Wednesday, October 28, 2015

Insurance Is Preemptive, Except When You Need It

For many people, insurance is preemptive, it’s for the what ifs in life.  What if I’m in an accident?  What if I’m diagnosed with cancer?  The list goes on. 

But for me, and most other chronically ill people, having insurance is vitally important.  It’s not for the what ifs but for the right now.  I didn’t ask to get sick, so it’s frustrating that there are so many hoops to jump through, not only to prove that you deserve help, but also that you aren’t playing the system. If you know someone who is hard up enough to fake having lupus or RA, will you please hit them in the head for me?

When I first got sick, I had amazing health insurance.  Because I was a graduate student and teaching, I had faculty level insurance.  I had no premium, and very small co-pays.  And truth be told, a small reason as to why I stuck out my PhD program was that I had insurance that allowed me to walk into any of my doctors’ offices, have any tests and procedures they required, and I never had to worry about what it was going to cost me (and my parents didn’t have health insurance at the time).  I think the biggest amount I ever owed at one time with that insurance was $75.   

I realize now how blissfully lucky I was, and also how blissfully unaware I was of the troubles that plague people who don’t have good insurance or who don’t have insurance at all.  But now, I’m right there with the masses of people who are trying to get adequate health coverage. 

My student health insurance wasn’t the greatest.  I needed referrals for everything.  I paid a $3,600 a year premium, which seems kind of high now that I think about  it, and had co-pays, plus I paid 20% co-insurance.  It was a big headache, especially compared to the plan I had in my first stint in graduate school, but it was insurance and it was guaranteed.  The school couldn’t strip me of my coverage for any reason.   

Because my current employer is not offering me health insurance, I was without insurance for the month of September since my student health insurance through school only lasted until the end of August because I graduated in May.  And because the Exchange required a letter from my employer verifying my on and off employment with them, I missed the deadline to get insurance starting in September (that’s a whole other issue).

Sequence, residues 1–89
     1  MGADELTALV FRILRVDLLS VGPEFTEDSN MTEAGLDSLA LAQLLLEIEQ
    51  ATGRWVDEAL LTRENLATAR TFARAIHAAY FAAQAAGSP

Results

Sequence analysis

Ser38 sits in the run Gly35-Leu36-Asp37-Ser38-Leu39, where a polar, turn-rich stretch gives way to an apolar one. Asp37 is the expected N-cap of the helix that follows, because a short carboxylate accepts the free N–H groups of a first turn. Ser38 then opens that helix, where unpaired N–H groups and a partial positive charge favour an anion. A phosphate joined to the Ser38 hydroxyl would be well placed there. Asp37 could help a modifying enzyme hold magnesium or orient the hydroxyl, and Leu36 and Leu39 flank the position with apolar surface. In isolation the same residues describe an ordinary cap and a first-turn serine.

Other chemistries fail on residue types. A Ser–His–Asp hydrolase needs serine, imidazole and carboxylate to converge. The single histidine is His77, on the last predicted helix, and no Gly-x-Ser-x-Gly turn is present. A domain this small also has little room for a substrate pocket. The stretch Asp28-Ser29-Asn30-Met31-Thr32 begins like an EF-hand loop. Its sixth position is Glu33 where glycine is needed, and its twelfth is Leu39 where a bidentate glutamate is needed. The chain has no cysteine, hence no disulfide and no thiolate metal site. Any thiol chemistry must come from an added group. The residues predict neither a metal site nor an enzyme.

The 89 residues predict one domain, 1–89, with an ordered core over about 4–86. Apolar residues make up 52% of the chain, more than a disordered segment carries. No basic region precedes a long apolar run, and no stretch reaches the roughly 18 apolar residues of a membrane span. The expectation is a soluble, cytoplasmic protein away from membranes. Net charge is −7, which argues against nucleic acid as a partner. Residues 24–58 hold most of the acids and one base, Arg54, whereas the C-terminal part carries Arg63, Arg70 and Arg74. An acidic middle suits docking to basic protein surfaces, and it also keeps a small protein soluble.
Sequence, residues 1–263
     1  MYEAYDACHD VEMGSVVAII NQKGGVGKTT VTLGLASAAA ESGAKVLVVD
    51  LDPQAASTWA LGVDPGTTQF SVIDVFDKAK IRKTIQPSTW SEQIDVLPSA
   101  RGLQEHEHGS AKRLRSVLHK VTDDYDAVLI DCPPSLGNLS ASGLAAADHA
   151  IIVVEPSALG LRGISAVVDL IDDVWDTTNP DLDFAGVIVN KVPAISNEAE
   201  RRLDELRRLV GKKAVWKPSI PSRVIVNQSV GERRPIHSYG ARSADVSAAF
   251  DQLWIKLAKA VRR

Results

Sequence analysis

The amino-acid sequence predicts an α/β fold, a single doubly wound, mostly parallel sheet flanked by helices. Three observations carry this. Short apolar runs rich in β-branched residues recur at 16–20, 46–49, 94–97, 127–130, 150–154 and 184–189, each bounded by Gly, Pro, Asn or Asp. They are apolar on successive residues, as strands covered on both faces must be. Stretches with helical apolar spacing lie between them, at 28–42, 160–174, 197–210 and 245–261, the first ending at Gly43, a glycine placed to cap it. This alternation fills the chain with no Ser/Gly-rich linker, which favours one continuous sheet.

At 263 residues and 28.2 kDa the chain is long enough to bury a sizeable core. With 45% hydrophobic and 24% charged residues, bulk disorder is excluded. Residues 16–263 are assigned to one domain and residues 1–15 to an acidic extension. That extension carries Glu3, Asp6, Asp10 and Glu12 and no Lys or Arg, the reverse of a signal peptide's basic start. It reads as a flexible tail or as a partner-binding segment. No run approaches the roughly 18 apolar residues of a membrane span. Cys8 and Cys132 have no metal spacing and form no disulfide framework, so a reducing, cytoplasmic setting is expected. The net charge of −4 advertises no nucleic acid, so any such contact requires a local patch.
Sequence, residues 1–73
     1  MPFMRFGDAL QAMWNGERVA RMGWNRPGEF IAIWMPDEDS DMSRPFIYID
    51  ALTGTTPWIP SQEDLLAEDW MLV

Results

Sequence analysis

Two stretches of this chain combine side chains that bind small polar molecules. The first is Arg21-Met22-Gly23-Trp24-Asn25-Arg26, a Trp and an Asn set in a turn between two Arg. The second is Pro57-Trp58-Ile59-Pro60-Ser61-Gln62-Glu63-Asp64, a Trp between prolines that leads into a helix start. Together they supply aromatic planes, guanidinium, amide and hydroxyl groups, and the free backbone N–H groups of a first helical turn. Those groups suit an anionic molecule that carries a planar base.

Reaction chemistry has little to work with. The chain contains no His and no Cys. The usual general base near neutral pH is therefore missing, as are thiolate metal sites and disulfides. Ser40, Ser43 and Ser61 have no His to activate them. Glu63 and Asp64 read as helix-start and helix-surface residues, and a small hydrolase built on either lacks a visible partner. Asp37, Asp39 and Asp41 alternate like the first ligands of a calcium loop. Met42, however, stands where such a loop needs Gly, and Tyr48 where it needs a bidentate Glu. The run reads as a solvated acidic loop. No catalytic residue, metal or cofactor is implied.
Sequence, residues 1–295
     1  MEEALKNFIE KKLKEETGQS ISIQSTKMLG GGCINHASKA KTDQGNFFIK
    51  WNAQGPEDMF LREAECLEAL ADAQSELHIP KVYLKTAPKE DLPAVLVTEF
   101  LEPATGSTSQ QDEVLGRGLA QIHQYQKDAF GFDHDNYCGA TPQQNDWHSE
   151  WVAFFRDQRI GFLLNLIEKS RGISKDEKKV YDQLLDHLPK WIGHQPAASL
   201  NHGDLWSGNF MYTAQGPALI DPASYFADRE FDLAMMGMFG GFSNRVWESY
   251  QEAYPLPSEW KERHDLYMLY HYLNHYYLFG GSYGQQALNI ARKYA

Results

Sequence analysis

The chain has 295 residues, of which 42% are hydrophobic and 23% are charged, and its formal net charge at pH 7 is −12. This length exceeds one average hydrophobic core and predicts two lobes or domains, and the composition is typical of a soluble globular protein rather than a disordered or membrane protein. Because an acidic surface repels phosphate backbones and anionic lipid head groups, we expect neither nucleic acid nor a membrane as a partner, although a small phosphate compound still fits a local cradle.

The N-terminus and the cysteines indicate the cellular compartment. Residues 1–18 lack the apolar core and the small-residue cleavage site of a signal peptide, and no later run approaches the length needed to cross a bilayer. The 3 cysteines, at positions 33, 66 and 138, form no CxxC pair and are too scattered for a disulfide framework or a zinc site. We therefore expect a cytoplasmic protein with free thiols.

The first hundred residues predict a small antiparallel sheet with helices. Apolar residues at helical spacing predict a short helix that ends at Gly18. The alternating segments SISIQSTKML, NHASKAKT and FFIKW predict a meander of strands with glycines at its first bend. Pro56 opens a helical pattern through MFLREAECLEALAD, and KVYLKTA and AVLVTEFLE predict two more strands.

I lived through September on pins and needles.  I was able to afford, just barely, my medications out-of-pocket, and received financial assistance for the one that I couldn’t.  And I hoped and prayed that I wouldn’t need to see a doctor, which I didn’t. 

I found a plan that I can marginally afford through the Exchange, meaning that I am getting a great deal on an otherwise expensive plan, but it still means having to really save to cover it every month.  But that’s okay.  I struggled to find a plan that I liked, and more importantly, that my current rheumatologist accepts.  Then, another snag.  My insurance company will be closing as of January 1st, meaning I’m back to the drawing board to find a new plan, and it’s proving a lot harder than I imagined because there are no plans available that are even comparable to mine.  Now why they even let me enroll in a plan for October when they knew full well that they would be folding is a whole other story, and a whole other frustration! 

I’m looking at plans where the lowest deductible is $2,000.  While I would quickly hit this, it means that I have to have that money up front in order to pay for it, which I don’t  Most of the plans I’ve seen also have very high co-pays for hospitalizations, for example, $1,500 after deductible.  That’s just not affordable for someone who has a part-time, temporary job, and could become unemployed at any time.  For me, the hospital coverage is for the what ifs.  In the last eight years, I’ve had two hospitalizations.  But as far as my doctors’ appointments and medications are concerned, those are non-negotiable.  I need those if I’m going to live some semblance of a life.    

I don’t want to get political here, but there is something fatally wrong with the system. Until now, over the past eight years, I’ve had a variety of coverage, but none of them have put me in danger of not being able to afford my rent.  Sure, my health comes first and in the last eight years of being chronically ill, I’ve had to make some sacrifices, but those were more personal than out of necessity.

I don’t want to sound whiny or like a bleeding heart, but this is a serious issue, and I realize now that I am lucky that this is the first time since I got sick that I am facing it.

Right now I am paying $151 a month premium, my deductible is $250, and my co-pays are reasonable.  So some might say that this is the exact reason for why the company is going out of business.

I wish I could go back to being blissfully unaware, but I can’t.  And I can’t keep quiet because the struggle is real, and it’s real for a lot of people, and not just me.